Nocturnal Hypertension: A Predictor of Cardiovascular Events
1 in 4 people with controlled daytime blood pressure may have nocturnal hypertension1. Most ‘non-dippers’ and ‘reverse dippers’ remain undetected, although they are the cohort of hypertensive patients with the highest risk of developing future cardiovascular events2.
Blood pressure readings are mostly taken during the day. However, nocturnal BP readings (those taken while the patient is sleeping at night) are better predictors of the risk of fatal and nonfatal cardiovascular events, and target organ damage than daytime blood pressure values 2,3,4.
Blood pressure normally decreases at night, known as dipping. Most patients with high BP during the day still ‘dip’. Sometimes, however, patients’ BP doesn’t dip or can even rise during the night. The latter defined as ‘non-dippers’ or ‘reverse dippers’, are the most at-risk cohort for cardiovascular events2.
Join the discussion about nocturnal hypertension: the scientific relevance, patients at risk, how to determine nocturnal hypertension, as well as examples of patient cases.
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Nocturnal Hypertension: A predictor of cardiovascular events
Presented by: Terry McCormack
Daily Practice: Daytime and nighttime blood pressure explained
Presented by: Melanie Dunwell
Nocturnal Hypertension in General Practice
Presented by: Matthew S Capehorn
Key Learning Objectives
- Nocturnal hypertension: Cohort with the highest risk for cardiovascular event
- How to recognize nocturnal hypertension?
- Which patients are at risk?
- New ways to detect nocturnal hypertension
- General Practitioners
- Practice Nurses
- Hypertension Specialists
Terry McCormack is a GP in Whitby, North Yorkshire, Professor of Primary Care Cardiovascular Medicine at Hull York Medical School (HYMS) and President of the British and Irish Hypertension Society. He is a primary care researcher, particularly interested in hypertension, lipids and anticoagulation. In 2020 he was the winner of the HYMS Undergraduate Medicine Phase II and III Teacher of Excellence Award. Guideline work includes the NICE Hypertension, Perioperative Care and Venous Thromboembolism guideline committees and the AAGBI/BHS preoperative BP guideline. He is an editor of the British Journal of Cardiology and a Fellow of the European Society of Cardiology.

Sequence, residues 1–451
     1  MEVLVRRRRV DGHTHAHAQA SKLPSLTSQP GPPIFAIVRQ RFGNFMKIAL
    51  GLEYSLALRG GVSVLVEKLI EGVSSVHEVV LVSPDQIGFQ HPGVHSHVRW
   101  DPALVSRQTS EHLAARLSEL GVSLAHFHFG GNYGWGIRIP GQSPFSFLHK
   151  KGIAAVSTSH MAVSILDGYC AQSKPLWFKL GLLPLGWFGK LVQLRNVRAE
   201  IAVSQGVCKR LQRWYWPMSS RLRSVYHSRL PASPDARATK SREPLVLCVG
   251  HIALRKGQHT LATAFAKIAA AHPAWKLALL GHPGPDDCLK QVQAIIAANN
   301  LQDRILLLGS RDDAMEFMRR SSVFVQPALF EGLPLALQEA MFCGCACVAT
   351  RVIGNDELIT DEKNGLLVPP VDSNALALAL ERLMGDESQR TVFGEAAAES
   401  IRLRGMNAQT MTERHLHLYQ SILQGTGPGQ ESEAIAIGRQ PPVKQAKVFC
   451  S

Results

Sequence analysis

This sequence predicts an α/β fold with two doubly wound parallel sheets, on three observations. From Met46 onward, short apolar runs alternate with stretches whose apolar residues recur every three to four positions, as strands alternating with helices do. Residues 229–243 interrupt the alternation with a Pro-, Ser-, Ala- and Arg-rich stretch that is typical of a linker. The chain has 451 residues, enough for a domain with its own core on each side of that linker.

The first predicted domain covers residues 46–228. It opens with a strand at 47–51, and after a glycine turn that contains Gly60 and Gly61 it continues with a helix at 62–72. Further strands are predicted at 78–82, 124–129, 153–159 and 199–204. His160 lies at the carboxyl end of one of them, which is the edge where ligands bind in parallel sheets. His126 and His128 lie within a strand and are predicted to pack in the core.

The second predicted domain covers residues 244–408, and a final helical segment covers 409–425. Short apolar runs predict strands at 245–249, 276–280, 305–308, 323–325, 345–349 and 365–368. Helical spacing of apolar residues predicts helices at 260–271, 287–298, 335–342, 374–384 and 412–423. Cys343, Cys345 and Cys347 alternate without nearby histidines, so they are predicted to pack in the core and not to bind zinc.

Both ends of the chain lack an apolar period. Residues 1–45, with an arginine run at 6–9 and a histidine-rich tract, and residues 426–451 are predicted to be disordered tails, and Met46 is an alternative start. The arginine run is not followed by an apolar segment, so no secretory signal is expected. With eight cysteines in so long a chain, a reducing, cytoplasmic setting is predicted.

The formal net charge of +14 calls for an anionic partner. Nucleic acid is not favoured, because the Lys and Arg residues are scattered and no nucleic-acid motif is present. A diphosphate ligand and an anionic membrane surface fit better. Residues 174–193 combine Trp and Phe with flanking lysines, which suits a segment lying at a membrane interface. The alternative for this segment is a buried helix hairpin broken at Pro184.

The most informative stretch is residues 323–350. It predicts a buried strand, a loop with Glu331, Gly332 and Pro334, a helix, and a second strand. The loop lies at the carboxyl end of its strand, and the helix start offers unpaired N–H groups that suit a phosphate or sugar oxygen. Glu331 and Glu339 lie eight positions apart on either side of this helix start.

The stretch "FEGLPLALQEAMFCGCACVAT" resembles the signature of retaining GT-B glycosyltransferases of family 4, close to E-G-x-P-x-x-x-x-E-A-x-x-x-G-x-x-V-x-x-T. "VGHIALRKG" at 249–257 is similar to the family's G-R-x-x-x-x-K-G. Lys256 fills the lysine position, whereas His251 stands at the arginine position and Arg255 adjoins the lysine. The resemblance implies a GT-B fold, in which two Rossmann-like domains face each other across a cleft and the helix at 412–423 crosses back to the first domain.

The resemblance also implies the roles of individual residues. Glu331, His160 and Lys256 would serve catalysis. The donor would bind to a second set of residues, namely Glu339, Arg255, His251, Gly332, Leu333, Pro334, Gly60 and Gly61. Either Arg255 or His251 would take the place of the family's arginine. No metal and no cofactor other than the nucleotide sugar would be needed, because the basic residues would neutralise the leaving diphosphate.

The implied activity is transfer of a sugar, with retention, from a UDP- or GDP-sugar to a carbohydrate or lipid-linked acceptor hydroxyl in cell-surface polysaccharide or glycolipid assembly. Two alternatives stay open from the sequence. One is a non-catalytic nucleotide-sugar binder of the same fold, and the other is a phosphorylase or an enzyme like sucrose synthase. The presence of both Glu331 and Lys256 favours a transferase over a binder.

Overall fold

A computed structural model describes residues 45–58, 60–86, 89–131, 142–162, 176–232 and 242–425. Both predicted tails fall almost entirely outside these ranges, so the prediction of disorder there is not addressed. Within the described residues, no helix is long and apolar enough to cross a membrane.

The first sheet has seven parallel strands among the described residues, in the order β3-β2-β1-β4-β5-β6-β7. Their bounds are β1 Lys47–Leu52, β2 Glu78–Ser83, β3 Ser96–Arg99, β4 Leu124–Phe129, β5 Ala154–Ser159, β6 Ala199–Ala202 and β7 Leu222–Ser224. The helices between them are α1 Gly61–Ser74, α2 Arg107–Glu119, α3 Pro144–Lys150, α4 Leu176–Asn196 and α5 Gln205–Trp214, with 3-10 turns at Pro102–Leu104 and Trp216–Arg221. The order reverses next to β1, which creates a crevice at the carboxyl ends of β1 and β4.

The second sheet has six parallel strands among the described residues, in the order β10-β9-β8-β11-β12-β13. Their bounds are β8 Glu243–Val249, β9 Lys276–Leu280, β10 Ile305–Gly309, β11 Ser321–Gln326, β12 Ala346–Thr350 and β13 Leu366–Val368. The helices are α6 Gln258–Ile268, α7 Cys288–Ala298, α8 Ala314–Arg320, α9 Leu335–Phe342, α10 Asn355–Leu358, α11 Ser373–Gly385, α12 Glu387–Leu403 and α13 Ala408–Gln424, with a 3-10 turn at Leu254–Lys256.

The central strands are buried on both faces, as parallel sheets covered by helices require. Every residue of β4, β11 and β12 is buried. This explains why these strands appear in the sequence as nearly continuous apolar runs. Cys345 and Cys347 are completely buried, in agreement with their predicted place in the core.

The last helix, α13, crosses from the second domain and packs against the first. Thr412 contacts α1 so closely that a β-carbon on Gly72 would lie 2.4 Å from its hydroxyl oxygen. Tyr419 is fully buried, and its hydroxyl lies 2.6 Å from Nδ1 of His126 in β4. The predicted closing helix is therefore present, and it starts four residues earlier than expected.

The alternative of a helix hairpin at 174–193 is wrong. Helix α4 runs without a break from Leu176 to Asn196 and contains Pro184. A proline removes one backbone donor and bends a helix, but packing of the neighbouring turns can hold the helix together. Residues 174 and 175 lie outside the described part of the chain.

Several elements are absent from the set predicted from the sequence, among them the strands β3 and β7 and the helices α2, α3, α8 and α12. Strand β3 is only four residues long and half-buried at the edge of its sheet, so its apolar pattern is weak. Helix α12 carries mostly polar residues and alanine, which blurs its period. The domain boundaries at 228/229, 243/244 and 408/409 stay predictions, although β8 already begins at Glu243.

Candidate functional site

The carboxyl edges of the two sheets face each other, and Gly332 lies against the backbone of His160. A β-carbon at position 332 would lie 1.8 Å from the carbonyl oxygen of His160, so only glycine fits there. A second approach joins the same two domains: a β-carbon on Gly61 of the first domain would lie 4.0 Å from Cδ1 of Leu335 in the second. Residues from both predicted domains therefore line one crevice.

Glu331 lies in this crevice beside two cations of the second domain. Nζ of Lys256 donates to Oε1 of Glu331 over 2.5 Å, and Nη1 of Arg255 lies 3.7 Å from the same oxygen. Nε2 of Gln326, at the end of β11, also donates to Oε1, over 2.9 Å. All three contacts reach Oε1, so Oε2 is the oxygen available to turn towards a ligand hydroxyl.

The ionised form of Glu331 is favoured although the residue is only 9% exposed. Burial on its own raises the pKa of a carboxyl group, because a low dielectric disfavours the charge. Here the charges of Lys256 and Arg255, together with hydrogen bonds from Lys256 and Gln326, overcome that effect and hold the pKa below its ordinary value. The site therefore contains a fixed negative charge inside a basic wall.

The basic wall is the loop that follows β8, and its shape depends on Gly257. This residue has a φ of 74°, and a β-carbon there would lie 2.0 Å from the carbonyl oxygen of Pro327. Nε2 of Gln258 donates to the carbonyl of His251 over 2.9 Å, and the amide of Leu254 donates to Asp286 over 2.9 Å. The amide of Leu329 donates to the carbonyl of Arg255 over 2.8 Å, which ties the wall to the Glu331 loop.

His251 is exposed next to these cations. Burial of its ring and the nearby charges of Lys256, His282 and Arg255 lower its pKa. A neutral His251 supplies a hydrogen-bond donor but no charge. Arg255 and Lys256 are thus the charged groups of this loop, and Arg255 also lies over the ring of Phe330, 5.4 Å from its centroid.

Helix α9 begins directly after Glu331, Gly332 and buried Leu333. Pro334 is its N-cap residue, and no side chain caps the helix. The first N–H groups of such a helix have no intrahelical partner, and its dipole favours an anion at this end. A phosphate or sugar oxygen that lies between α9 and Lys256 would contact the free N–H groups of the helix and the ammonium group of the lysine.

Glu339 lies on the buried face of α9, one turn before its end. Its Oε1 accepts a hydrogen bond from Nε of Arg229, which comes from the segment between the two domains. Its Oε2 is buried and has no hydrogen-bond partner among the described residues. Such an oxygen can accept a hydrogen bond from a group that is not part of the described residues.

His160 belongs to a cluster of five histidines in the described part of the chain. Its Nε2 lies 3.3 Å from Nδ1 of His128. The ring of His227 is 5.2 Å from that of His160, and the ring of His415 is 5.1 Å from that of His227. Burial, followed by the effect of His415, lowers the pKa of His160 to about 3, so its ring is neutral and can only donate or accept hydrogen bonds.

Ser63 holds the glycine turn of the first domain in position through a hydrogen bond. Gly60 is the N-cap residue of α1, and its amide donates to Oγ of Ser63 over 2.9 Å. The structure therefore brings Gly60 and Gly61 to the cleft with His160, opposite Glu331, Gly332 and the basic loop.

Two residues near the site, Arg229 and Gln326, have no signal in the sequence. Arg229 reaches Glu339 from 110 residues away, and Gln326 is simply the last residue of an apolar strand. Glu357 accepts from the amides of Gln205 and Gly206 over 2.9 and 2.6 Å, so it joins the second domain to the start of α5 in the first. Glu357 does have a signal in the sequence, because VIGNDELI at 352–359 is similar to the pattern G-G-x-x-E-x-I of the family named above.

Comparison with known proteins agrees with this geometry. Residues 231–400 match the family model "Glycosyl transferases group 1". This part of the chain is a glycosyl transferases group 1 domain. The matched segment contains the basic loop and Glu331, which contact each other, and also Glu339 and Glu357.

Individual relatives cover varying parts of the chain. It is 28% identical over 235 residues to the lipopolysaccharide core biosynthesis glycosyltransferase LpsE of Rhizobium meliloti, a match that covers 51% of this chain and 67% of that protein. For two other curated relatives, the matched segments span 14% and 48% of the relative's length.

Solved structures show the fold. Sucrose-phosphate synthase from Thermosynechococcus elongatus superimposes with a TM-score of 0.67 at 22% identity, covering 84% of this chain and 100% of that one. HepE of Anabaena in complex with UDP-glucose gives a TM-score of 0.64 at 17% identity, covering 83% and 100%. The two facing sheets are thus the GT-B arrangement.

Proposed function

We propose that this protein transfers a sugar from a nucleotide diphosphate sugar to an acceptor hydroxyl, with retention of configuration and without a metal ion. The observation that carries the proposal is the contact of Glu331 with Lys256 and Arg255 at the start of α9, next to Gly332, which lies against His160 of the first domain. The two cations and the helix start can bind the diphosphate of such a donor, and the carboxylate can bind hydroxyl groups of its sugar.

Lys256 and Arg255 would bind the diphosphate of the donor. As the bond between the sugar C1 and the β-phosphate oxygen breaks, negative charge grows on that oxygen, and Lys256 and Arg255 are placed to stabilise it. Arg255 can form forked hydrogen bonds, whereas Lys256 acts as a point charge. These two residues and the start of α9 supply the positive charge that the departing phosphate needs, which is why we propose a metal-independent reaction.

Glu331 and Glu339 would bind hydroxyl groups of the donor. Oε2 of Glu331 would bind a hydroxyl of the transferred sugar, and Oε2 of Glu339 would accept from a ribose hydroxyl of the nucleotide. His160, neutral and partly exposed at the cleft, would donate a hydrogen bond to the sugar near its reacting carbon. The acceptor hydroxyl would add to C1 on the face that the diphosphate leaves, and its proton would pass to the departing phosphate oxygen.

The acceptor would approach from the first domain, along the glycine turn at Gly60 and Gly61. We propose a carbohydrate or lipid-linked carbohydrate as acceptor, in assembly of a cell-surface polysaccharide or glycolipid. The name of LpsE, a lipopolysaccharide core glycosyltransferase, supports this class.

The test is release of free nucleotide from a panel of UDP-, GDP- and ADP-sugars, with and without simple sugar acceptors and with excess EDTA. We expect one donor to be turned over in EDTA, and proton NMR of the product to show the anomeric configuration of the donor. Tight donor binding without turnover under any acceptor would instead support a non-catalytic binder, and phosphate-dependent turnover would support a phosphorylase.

Melanie Dunwell is a registered nurse for 25 years working at Whitby Group Practice as a Practice Nurse since 2022. She manages a large team of nurses including Health Care Assistants looking after many patients with a range of chronic diseases, including hypertension, Ischaemic Heart Disease & diabetes. She specialises in women’s health, in particular, menopause. In recent years Melanie's nursing team has won the Cardiovascular Clinical Team of the Year award at the General Practice Awards.
Dr Capehorn is an expert in Obesity and Weight Management. He was the Clinical Director of the National Obesity Forum (NOF) for 7 years, and since then a Board member and Trustee of the Association for the Study of Obesity (ASO). Matthew is an Expert Adviser to NICE on the topic of Obesity, as well as being on numerous Advisory Boards, including Academic Advisory Boards. He was an Honorary Senior Lecturer for the University of Sheffield and prior to this Chester on their MSc in weight management.
For nearly 10 years the Rotherham Institute for Obesity (RIO) was the country’s biggest and busiest “tier 3” specialist weight management centre, based in primary care, and as well playing a pivotal role in setting it up he remains their clinical manager and GpwSI.
Dr Roland Asmar is president of the "Foundation-Medical research Institutes", and past-President of the "Cardiovascular Institute", Paris, France. Prior to this position, he was past president, of the French spoken network of hypertension, and the International Society of Vascular Health.
Dr Asmar developed his clinical research activities in different research units at Broussais Hospital and Paris VI - Pierre & Marie Curie University. He received the distinction 'Cardiologist of the Year 2001' in France for his Continuous Medical Education activity.
Dr Asmar has published more than 300 scientific articles and several books. He is editor in chief of the "Vascular health and Risk management" journal. Dr Asmar has led the organization of several international Consensus Conferences. His principal research interests include hypertension, blood pressure measurements, and non-invasive evaluation of arterial hemodynamic.